Research Papers:

Tumor-promoting function and prognostic significance of the RNA-binding protein T-cell intracellular antigen-1 in esophageal squamous cell carcinoma

Junichi Hamada, Katsutoshi Shoda, Kiyoshi Masuda, Yuji Fujita, Takuya Naruto, Tomohiro Kohmoto, Yuko Miyakami, Miki Watanabe, Yasusei Kudo, Hitoshi Fujiwara, Daisuke Ichikawa, Eigo Otsuji and Issei Imoto _

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Oncotarget. 2016; 7:17111-17128. https://doi.org/10.18632/oncotarget.7937

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Junichi Hamada1,2,*, Katsutoshi Shoda1,2,*, Kiyoshi Masuda1,*, Yuji Fujita1,2, Takuya Naruto1, Tomohiro Kohmoto1,3, Yuko Miyakami1,3, Miki Watanabe1,3, Yasusei Kudo4, Hitoshi Fujiwara2, Daisuke Ichikawa2, Eigo Otsuji2, Issei Imoto1

1Department of Human Genetics, Institute of Biomedical Sciences, Tokushima University Graduate School, Tokushima, 770-8503, Japan

2Division of Digestive Surgery, Department of Surgery, Kyoto Prefectural University of Medicine, Kyoto, 602-8566, Japan

3Student Lab, Tokushima University Faculty of Medicine, Tokushima, 770-8503, Japan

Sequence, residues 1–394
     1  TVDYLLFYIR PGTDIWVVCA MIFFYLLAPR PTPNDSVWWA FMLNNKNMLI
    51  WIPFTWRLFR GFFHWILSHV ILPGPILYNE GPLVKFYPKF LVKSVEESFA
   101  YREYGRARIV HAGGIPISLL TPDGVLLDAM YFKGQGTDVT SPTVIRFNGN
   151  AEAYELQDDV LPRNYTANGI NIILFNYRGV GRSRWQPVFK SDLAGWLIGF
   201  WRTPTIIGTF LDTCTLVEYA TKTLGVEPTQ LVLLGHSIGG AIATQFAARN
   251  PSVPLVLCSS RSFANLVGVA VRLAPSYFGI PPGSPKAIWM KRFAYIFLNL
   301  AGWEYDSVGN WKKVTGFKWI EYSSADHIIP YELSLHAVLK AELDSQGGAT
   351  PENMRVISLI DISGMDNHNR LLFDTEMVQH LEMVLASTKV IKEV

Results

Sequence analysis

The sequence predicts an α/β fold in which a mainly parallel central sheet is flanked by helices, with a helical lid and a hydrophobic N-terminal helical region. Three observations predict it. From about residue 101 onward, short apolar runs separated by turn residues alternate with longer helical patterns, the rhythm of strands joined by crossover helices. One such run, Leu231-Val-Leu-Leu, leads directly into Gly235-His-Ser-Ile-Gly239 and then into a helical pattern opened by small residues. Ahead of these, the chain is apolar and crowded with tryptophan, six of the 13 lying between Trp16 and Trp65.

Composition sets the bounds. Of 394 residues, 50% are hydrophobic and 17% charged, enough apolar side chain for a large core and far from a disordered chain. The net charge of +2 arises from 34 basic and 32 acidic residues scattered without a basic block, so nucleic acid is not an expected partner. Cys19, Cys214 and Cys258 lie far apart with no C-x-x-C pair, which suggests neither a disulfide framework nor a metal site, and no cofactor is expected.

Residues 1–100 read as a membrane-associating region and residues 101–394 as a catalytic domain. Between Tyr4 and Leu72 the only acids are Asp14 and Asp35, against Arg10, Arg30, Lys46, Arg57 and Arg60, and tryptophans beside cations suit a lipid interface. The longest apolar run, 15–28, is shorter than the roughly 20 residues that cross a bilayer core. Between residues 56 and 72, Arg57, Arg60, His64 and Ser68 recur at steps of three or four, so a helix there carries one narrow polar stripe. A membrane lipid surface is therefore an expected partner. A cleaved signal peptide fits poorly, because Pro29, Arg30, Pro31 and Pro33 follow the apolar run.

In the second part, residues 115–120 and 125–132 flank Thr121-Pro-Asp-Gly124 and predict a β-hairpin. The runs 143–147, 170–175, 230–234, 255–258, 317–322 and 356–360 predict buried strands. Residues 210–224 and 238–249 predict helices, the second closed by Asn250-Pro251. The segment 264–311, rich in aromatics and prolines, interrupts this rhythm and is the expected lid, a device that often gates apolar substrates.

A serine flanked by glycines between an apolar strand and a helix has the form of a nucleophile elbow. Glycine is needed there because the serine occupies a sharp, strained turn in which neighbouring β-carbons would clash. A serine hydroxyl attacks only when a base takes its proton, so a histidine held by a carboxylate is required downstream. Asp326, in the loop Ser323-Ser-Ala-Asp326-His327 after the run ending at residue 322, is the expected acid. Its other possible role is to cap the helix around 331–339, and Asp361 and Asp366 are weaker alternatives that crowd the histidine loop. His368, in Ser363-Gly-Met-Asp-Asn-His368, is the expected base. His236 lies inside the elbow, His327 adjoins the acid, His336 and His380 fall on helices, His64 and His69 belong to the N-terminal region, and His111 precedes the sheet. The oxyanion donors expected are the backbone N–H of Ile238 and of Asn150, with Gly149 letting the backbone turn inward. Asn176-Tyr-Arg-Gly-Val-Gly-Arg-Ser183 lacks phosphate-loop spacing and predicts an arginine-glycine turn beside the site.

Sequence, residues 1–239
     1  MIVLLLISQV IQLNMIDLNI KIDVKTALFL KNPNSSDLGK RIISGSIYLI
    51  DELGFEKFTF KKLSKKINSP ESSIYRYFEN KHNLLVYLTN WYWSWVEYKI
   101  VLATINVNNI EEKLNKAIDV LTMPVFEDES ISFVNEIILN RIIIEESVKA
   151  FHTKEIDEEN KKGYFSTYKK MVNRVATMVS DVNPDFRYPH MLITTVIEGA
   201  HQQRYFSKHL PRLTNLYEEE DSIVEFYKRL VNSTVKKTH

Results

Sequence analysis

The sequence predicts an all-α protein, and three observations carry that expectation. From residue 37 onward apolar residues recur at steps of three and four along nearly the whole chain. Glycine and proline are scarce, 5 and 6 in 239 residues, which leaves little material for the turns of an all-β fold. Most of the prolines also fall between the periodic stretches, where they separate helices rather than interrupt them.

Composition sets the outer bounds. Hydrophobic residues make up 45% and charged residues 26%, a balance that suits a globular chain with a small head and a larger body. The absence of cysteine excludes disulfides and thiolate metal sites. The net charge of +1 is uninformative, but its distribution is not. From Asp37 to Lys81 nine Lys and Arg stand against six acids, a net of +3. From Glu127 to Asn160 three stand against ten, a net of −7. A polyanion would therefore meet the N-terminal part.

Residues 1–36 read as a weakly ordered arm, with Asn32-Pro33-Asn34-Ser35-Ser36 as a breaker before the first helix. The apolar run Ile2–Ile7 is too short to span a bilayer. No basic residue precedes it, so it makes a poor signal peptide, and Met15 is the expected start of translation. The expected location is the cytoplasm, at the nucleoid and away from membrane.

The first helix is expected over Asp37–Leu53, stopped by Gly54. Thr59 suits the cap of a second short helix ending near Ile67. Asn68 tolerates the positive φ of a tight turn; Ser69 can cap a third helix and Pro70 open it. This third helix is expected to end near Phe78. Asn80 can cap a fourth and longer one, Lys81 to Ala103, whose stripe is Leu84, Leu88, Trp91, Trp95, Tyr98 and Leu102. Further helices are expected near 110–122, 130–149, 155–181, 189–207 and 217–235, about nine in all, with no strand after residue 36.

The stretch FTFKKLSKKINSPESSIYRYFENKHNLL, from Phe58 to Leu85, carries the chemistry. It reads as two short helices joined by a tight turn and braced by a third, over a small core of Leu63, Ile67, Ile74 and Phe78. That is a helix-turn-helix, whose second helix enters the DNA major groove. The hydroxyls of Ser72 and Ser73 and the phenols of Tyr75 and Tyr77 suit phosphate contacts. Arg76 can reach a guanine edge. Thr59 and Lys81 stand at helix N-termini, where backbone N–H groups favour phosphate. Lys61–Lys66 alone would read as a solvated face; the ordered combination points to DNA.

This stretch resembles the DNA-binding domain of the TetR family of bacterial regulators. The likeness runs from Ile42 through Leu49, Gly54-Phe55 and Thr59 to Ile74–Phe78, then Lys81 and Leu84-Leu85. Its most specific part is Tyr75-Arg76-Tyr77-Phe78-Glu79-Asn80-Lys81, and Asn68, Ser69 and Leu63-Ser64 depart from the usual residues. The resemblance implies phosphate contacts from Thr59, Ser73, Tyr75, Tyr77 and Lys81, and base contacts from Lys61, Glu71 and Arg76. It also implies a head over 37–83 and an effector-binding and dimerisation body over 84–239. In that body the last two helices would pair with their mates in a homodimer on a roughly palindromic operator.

4Department of Oral Molecular Pathology, Institute of Biomedical Sciences, Tokushima University Graduate School, Tokushima, 770-8503, Japan

*These authors contributed equally to this work

Correspondence to:

Issei Imoto, e-mail: issehgen@tokushima-u.ac.jp

Keywords: T-cell intracellular antigen-1, isoform, oncogene, RNA-binding protein, esophageal squamous cell carcinoma

Received: October 01, 2015     Accepted: February 05, 2016     Published: March 06, 2016


T-cell intracellular antigen-1 (TIA1) is an RNA-binding protein involved in many regulatory aspects of mRNA metabolism. Here, we report previously unknown tumor-promoting activity of TIA1, which seems to be associated with its isoform-specific molecular distribution and regulation of a set of cancer-related transcripts, in esophageal squamous cell carcinoma (ESCC). Immunohistochemical overexpression of TIA1 ectopically localized in the cytoplasm of tumor cells was an independent prognosticator for worse overall survival in a cohort of 143 ESCC patients. Knockdown of TIA1 inhibited proliferation of ESCC cells. By exogenously introducing each of two major isoforms, TIA1a and TIA1b, only TIA1a, which was localized to both the nucleus and cytoplasm, promoted anchorage-dependent and anchorage-independent ESCC cell proliferation. Ribonucleoprotein immunoprecipitation, followed by microarray analysis or massive-parallel sequencing, identified a set of TIA1-binding mRNAs, including SKP2 and CCNA2. TIA1 increased SKP2 and CCNA2 protein levels through the suppression of mRNA decay and translational induction, respectively. Our findings uncover a novel oncogenic function of TIA1 in esophageal tumorigenesis, and implicate its use as a marker for prognostic evaluation and as a therapeutic target in ESCC.

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